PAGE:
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EcoClamshell To-Go Containers at Eckerd College are First in Florida to Go Green

posted on 04/04/2008

Each year, college students use millions of plastic and polystyrene (Styrofoam) hinged-lid containers that end up in public landfills. Is this waste unavoidable? Eckerd has the solution. In the spirit of its ongoing sustainable initiatives, Eckerd is now providing its students with an innovative, sustainable option for cafeteria take-out - the 'EcoClamshell.' Made from a durable, dishwasher-safe plastic material, this teal-colored reusable take-out container is the first of its kind to be used at any college or university in the state of Florida.

"Our society values convenience," says Audrey Copeland, a 2007 Eckerd graduate and current environmental service learning intern who developed the EcoClamshell. "In a college cafeteria, convenience is translated to disposable takeout containers. The outcome? Tons of unnecessary landfill waste. Eckerd's EcoClamshell offers a recycling system that is cost-efficient, sanitary, environmentally friendly andů convenient."

In the summer of 2007, Eckerd College received a $32,000 grant from the Environmental Research and Education Foundation to develop an innovative reusable to-go system. The EcoClamshells were manufactured by Texas-based G.E.T. Enterprises. Miss Copeland has worked closely with Eckerd's Sustainable Campus Task Force and Eckerd's food services vendor, Bon Appetit, to test, measure, experiment, and test again.

EcoClamshell: How It Works
Eckerd students can sign up for an EcoClamshell in the cafeteria during any meal. The student's account is charged five dollars, covering the student's four years at Eckerd, unless the container is lost or destroyed. The student checks out an EcoClamshell, fills it with food and exits the cafeteria. Upon returning to the cafeteria, the student checks the container back in and places it on the dishwasher conveyor, where it is sanitized and put out for reuse. This creates a closed loop system where the container circulates for years before being retired to a recycling center.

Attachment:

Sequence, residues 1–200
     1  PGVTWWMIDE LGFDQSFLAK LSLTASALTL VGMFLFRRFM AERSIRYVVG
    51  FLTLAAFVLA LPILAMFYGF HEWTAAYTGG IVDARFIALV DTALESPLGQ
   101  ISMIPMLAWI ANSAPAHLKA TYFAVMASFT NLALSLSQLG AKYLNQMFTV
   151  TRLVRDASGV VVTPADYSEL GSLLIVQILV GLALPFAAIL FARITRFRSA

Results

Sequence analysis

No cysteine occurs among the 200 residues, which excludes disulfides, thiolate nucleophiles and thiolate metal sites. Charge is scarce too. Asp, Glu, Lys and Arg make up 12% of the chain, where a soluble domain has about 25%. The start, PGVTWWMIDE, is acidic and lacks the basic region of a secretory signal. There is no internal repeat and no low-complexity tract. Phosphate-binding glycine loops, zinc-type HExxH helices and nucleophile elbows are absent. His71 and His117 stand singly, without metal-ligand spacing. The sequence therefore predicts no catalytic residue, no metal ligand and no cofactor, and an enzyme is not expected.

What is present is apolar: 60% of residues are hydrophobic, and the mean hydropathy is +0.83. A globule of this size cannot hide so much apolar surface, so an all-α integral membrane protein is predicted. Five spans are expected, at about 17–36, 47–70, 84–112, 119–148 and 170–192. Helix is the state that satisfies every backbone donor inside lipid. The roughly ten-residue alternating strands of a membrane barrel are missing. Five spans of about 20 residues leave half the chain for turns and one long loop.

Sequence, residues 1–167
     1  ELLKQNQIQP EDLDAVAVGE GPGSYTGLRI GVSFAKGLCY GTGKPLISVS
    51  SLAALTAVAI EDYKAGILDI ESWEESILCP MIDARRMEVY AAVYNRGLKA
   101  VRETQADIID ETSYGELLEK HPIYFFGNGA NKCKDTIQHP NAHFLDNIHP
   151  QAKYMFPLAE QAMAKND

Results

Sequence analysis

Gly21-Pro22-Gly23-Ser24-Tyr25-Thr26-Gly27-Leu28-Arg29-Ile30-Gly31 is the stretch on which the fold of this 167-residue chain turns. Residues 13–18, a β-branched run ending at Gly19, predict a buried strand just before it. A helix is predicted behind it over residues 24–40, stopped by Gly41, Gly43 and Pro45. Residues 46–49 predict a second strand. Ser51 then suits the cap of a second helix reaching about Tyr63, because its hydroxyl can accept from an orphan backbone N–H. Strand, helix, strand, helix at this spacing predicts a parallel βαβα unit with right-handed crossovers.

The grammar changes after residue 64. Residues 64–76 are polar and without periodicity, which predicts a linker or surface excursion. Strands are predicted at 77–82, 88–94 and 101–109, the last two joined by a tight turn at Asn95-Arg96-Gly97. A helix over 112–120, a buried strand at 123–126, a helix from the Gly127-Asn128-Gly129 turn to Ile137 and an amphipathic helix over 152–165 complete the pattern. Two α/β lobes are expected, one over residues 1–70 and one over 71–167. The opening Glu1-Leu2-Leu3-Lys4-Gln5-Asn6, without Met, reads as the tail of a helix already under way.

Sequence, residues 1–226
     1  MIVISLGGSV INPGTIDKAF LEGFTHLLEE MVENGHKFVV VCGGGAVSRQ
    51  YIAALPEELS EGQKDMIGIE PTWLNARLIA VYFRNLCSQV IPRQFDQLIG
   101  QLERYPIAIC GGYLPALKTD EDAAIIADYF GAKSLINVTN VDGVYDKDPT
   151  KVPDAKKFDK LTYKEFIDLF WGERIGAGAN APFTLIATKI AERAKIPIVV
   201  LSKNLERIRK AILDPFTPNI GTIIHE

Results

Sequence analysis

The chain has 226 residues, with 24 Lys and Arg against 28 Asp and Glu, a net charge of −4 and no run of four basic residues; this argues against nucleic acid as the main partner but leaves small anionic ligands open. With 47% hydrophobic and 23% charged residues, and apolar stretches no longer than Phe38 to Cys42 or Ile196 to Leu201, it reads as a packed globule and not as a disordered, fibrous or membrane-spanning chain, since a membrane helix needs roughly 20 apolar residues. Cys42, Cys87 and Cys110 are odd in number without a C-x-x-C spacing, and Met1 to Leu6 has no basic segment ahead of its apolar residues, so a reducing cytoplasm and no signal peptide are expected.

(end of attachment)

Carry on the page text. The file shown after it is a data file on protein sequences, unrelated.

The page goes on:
Eckerd's residential student population is 1,800. During its first two weeks, nearly 200 students signed up for an EcoClamshell. Eckerd hopes to reach 100% participation by those signed up for the College's meal plan (1,000 students).

EcoClamshell: Why It's a Better Option
A common strategy to avoid to-go waste is to offer reusable containers for sale in the campus bookstore. In this model, students own and are responsible for their container. The major drawback here - a serious one - is sanitation and maintaining health code standards. Bon Appetit's policy prohibits the use of personal reusable containers in order to ensure containers are properly sanitized and the possibility of food poisoning is minimized.

Another idea often presented is the use of biodegradable containers. These containers can be a more sustainable option but only under perfect conditions, i.e., the containers are properly composted. In the St. Petersburg, Florida area, that majority of waste is incinerated and such containers would be burned. Even in a land fill setting, these containers do not biodegrade any better than an apple core because they become trapped in an anaerobic environment and oxygen is a central part of the decomposition process.

The reusable nature system of the EcoClamshell precludes all of these problems: students are financially responsible for their container, should they lose it; the containers are put through an industrial dishwasher after each use, thereby insuring proper sanitation; and, it is a more sustainable option then their biodegradable counterpart.

EcoClamshell: The Tipping Point
"Eckerd is the perfect place to design, implement and begin the national distribution at other colleges of the first ever reusable to-go system," says Dawyn Patterson, Bon Appetit Board Manager.

One of the greatest benefits of the EcoClamshell is the ability to quickly bring this concept to other higher learning institutions across Florida and the United States. Bon Appetit currently has 400 accounts in the United States, many of which are small colleges. If this program is successful, Bon Appetit will begin working it into the framework of the other colleges and institutions it serves.

Through presentations made at national conferences, Eckerd hopes that the EcoClamshell will be the "tipping point" for other low-cost, easily implemented, student-initiated ideas for campus-based waste minimization practices. Says Miss Copeland, "This system will help to promote a more personal and successful relationship with disposable items among young people that can be maintained after their graduation."

Sustainability at Eckerd College
Eckerd's list of sustainable efforts is extensive: the Yellow Community Bike program designed four years ago to increase bicycle use on campus and decrease automobile traffic; Eckerd president Donald Eastman's signing of the College and University Presidents Climate Commitment that addresses climate change; the hands-on, student-run recycling program; the Visions of Nature / Voices of Nature Environmental Film Festival, held each spring ten years running; Iota Complex, a residence hall for which Eckerd is seeking LEED (Leadership in Energy and Environmental Design) certification; facilities vendor UNICCO's GreenClean green products approach; Bon Appetit's Circle of Responsibility and Eat Local Challenge programs that aptly match Eckerd's environmental ambitions; and the popular Environmental Studies major that consistently graduates enough students to qualify as one of the College's top three majors.

Photos by Eric Fortman '08

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